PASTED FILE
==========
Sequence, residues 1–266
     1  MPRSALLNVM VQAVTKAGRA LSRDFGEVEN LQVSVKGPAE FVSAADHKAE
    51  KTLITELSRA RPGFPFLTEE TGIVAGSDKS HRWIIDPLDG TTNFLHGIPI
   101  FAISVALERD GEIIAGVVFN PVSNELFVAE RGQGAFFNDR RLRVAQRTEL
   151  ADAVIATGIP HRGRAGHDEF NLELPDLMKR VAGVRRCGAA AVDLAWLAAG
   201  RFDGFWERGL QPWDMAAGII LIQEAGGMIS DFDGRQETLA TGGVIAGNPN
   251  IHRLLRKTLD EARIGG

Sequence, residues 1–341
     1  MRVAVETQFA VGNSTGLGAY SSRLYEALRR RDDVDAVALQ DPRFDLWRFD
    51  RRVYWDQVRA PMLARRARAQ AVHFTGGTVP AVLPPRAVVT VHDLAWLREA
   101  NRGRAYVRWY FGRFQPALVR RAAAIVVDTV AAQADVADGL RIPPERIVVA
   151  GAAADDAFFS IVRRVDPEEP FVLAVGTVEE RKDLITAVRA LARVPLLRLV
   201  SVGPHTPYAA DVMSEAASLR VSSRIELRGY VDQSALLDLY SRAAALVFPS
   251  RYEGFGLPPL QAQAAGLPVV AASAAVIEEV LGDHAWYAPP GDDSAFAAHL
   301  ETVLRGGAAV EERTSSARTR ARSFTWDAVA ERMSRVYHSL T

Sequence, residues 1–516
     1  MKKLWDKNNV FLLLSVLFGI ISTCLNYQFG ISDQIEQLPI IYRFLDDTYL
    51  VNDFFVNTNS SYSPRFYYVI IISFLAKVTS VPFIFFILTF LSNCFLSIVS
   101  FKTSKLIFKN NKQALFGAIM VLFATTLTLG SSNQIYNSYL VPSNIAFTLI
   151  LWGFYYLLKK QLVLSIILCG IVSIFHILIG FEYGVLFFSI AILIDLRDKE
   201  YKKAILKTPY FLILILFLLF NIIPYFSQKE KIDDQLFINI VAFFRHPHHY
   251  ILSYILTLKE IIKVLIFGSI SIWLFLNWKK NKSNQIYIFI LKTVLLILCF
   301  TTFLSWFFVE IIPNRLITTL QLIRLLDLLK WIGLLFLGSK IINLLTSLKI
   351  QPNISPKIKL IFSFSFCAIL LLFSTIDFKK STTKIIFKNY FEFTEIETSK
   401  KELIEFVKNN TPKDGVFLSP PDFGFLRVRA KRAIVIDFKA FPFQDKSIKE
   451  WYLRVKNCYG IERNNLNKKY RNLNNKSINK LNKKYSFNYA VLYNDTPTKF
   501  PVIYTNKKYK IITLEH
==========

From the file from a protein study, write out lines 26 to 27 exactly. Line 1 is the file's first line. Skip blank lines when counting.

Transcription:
   451  WYLRVKNCYG IERNNLNKKY RNLNNKSINK LNKKYSFNYA VLYNDTPTKF
   501  PVIYTNKKYK IITLEH